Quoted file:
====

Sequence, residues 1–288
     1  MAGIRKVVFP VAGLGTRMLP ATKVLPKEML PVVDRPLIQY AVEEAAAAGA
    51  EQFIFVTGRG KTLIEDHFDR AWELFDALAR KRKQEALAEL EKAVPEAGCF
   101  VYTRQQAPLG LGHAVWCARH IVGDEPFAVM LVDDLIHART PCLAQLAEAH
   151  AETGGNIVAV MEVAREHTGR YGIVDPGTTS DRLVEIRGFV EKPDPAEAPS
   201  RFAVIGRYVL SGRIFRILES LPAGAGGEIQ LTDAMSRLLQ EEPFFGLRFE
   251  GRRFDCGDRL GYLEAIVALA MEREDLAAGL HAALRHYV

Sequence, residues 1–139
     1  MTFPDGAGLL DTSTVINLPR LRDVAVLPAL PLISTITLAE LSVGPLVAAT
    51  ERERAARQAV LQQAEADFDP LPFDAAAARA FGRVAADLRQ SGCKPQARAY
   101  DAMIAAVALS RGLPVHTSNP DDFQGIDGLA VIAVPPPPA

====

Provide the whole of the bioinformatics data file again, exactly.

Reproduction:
Sequence, residues 1–288
     1  MAGIRKVVFP VAGLGTRMLP ATKVLPKEML PVVDRPLIQY AVEEAAAAGA
    51  EQFIFVTGRG KTLIEDHFDR AWELFDALAR KRKQEALAEL EKAVPEAGCF
   101  VYTRQQAPLG LGHAVWCARH IVGDEPFAVM LVDDLIHART PCLAQLAEAH
   151  AETGGNIVAV MEVAREHTGR YGIVDPGTTS DRLVEIRGFV EKPDPAEAPS
   201  RFAVIGRYVL SGRIFRILES LPAGAGGEIQ LTDAMSRLLQ EEPFFGLRFE
   251  GRRFDCGDRL GYLEAIVALA MEREDLAAGL HAALRHYV

Sequence, residues 1–139
     1  MTFPDGAGLL DTSTVINLPR LRDVAVLPAL PLISTITLAE LSVGPLVAAT
    51  ERERAARQAV LQQAEADFDP LPFDAAAARA FGRVAADLRQ SGCKPQARAY
   101  DAMIAAVALS RGLPVHTSNP DDFQGIDGLA VIAVPPPPA